Let’s be real: trying to live a balanced life is just 24×7 jugaad, especially when you’ve just ventured into adulthood after years of being a student.
As an almost 25-year-old woman at the beginning of her career, I am struggling to leave behind the college lifestyle I have been so used to for the last seven years of my life.
Here are some things I have been trying to fix over the last six months: lack of hydration, bad sleeping habits, relying on ordering in more than I should, not really keeping my home clean.
The funny thing is, I thrive at work, efficiently so. I am highly organised, and I enjoy managing myself in the office.
But in conjunction with the lockdown, my unorganised personal life has spilled into my hyper-organised professional one. The results have not been comfortable.
So obviously, I have been trying to organise my way through this sudden shift in my life. Here are a few ways you can do jugaad to organise your life under lockdown.
How To Create A Home Office When You Don’t Have Space
One of the top tips all those how-to-successfully-work-from-home articles have been peddling is to “create a separate office space”.
That would be useful, had I not moved into the house I am staying in just before the lockdown began, and in possession of very little furniture. Add to that the fact that I live in Mumbai, and on a tight paycheck, so I do not have a lot of space.
So separate office space is a laughing matter for me. I can’t really “not work on the bed” because I have no other sitting furniture.
And I am not sitting on the hard, uncomfortable floor from 9am to 5pm, thank you very much.
Here’s how I hack it:
1. I fold my blanket as soon as I wake up, and keep it at the foot of my bed to avoid those nefarious vegetating urges.
2. I vary my sitting position every hour or so to keep my blood moving. I also avoid lying down, because that’s just an invitation for lethargy.
3. I take my phone calls walking around in the limited space in my house, so that I don’t become a fossil by end-of-day.
4. I shut my laptop down when I am taking a lunch break, as well as after work (unless I am watching a show or a movie, of course).
5. I have successfully conditioned myself to mentally pause working while eating by using a placemat whenever I take a meal. It’s weird, but it works.
6. At the end of the work day, I pack up my laptop and all its wires, and keep them away. The physical activity of ‘packing up’ helps me transition into my non-work life.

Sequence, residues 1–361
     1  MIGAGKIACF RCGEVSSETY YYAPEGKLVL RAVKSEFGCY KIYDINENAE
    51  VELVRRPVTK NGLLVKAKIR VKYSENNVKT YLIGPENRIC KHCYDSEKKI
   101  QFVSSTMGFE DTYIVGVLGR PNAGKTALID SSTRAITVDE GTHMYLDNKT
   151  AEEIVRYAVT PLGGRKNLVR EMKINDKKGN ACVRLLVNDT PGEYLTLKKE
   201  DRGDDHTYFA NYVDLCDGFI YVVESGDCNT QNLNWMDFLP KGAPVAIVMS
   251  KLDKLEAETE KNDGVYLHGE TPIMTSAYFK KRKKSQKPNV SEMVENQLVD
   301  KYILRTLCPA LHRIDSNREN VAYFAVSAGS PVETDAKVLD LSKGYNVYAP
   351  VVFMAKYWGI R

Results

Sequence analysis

Top tip: Although it’s nigh impossible right now (especially if you’re in a red zone), once this is all over, invest in a folding tray table/laptop table. It’s a lifesaver!
How To Organise Your Work When You Don’t Have Pen And Paper
There are certain things I cannot work without, either at home or in the office.
The first is obviously a computer, and I was lucky enough to get my laptop back from work before lockdown kicked into full gear. But I forgot to grab my (equally important) organisational journals. Yes, plural.
How have I survived the lockdown (and its three successors) without them?
By accepting that it isn’t the journals themselves, but an organisational system that helps me function. Since my journals were always open on my desk through the work day so I could organise, reorganise, and check tasks off; I needed something similarly omnipresent.
But here’s the problem: like many mid-20s households, mine too sorely lacks an abundance of pen and paper. So I recreated my system using a post-it app on my laptop.
Here’s my simple organisation system:
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1. I created three post-its — tasks for the day, upcoming tasks, personal tasks.
2. Tasks for the day, as the name suggests, is a list of all the work I have to do on a given day. I made sure to download a post-it app which allowed formatting, so that I could highlight certain important tasks, as well as strike off the ones I complete. I update this every morning.
3. Upcoming tasks catalogues all the work I have to do in the coming week(s), so that I don’t lose track of what is to be transferred to my tasks of the day post-it. I update this every time I get a new task.
4. Personal tasks involve any pressing tasks I have to do which require the use of my laptop, such as transferring rent or making creatives for the Instagram page I run. I update this every friday, just before the weekend begins.
5. Now that I only spend money on rent and groceries, I can easily keep a track of my expenses using the text message notifications I get from my bank. But you could also add an expenditure post-it, because I did have a column in my journal to track how much money I was spending on the daily.
If you are analog, and in possession of pen and paper/actual post-its, you can use this system off-laptop as well!
How To Manage Cooking And Cleaning While Working From Home
One thing that a lot of people my age have taken for granted is cooking. We also weren’t really taught how to clean the house in our middle-class bubble. Between househelp and the meteoric rise of food delivery apps, we’ve always felt like we were sorted.